Here is an excellent piece about Ralph Bakshi's presentation on how to survive in tough times. Bakshi is a brilliant animator who thrived in a time when animation was going downhill. Though it's worth noting, Walt Disney also made his empire by reinventing the industry. I'm intrigued by how closely Bakshi's recommendations match cyberfunded creativity.
This popped up on the Cybermind list. *chuckle* If it had been me, I probably would've stopped to listen. I like violin well enough, but I love busking in general; any good player will usually get me to stop for a song or two unless I'm really rushed. But Doug is always with me, and he's an avid fan of classical music. He'd stop for sure. And both of us tend to throw money in the hat.
A man sat at a metro station in Washington DC and started to play the
violin; it was a cold January morning. He played six Bach pieces for
about 45 minutes. During that time, since it was rush hour, it was
calculated that thousand of people went through the station, most of
them on their way to work.
Three minutes went by and a middle aged man noticed there was musician
playing. He slowed his pace and stopped for a few seconds and then
hurried up to meet his schedule..
A minute later, the violinist received his first dollar tip: a woman
threw the money in the till and without stopping continued to walk.
A few minutes later, someone leaned against the wall to listen to him,
but the man looked at his watch and started to walk again. Clearly he
was late for work.
The one who paid the most attention was a 3 year old boy. His mother
tagged him along, hurried but the kid stopped to look at the violinist.
Finally the mother pushed hard and the child continued to walk turning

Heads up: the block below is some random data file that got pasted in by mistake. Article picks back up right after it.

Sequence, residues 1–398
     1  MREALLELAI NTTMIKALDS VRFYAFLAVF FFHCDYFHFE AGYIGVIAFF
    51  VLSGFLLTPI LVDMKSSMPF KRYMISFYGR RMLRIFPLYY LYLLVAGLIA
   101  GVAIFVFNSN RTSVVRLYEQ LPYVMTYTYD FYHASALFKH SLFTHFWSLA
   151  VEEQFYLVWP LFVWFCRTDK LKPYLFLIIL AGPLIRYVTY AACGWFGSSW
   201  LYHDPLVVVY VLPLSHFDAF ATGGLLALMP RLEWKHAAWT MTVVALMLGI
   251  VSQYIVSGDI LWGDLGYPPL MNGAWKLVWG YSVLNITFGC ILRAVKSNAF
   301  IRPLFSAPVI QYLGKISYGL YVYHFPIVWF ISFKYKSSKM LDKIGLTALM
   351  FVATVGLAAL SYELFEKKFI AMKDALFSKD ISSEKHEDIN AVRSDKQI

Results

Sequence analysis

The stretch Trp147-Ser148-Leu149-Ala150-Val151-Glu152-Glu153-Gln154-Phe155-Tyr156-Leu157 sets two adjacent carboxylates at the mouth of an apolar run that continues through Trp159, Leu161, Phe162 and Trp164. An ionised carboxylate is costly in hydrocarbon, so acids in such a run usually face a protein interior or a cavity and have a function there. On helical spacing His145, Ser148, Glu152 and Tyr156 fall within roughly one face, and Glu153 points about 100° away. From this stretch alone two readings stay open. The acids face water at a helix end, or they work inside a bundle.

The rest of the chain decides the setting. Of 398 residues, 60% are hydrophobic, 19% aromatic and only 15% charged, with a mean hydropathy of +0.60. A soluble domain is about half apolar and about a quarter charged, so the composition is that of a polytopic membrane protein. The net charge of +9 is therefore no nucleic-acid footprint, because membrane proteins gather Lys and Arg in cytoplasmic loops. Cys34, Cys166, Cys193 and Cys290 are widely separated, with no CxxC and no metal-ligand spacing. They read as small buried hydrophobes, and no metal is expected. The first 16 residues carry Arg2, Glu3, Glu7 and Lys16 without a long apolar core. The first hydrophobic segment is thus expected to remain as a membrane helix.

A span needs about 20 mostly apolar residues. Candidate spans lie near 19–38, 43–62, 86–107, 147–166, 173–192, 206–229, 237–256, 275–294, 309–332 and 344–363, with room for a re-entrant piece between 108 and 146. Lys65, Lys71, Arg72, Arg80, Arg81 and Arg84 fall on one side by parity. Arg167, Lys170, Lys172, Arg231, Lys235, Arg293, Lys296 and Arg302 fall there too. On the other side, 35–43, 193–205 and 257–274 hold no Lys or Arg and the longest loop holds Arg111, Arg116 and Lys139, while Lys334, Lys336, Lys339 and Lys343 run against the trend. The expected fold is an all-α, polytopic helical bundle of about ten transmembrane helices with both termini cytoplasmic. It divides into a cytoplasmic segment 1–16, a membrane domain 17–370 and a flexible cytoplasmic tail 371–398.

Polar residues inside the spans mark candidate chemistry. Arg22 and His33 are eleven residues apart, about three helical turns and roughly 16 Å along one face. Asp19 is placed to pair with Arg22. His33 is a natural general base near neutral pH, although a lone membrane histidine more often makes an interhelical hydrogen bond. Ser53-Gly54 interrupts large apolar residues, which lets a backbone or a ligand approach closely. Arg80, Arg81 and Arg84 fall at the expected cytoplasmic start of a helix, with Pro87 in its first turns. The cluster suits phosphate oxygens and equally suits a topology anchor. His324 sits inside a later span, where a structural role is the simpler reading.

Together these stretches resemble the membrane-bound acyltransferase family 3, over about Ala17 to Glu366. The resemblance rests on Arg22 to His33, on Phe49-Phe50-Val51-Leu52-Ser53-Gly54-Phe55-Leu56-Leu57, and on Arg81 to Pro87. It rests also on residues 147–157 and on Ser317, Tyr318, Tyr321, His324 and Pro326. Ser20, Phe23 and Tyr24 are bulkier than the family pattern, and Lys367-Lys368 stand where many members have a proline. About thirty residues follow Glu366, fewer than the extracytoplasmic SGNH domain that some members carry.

his head all the time. This action was repeated by several other
children. All the parents, without exception, forced them to move on.
In the 45 minutes the musician played, only 6 people stopped and stayed
for a while. About 20 gave him money but continued to walk their normal
pace. He collected $32. When he finished playing and silence took over,
no one noticed it. No one applauded, nor was there any recognition.
No one knew this but the violinist was Joshua Bell, one of the best
musicians in the world. He played one of the most intricate pieces ever
written with a violin worth 3.5 million dollars.
Two days before his playing in the subway, Joshua Bell sold out at a
theater in Boston and the seats average $100.
This is a real story. Joshua Bell playing incognito in the metro station
was organized by the Washington Post as part of an social experiment
about perception, taste and priorities of people. The outlines were: in
a commonplace environment at an inappropriate hour: Do we perceive
beauty? Do we stop to appreciate it? Do we recognize the talent in an
One of the possible conclusions from this experience could be: If we do
not have a moment to stop and listen to one of the best musicians in the
world playing the best music ever written, how many other things are we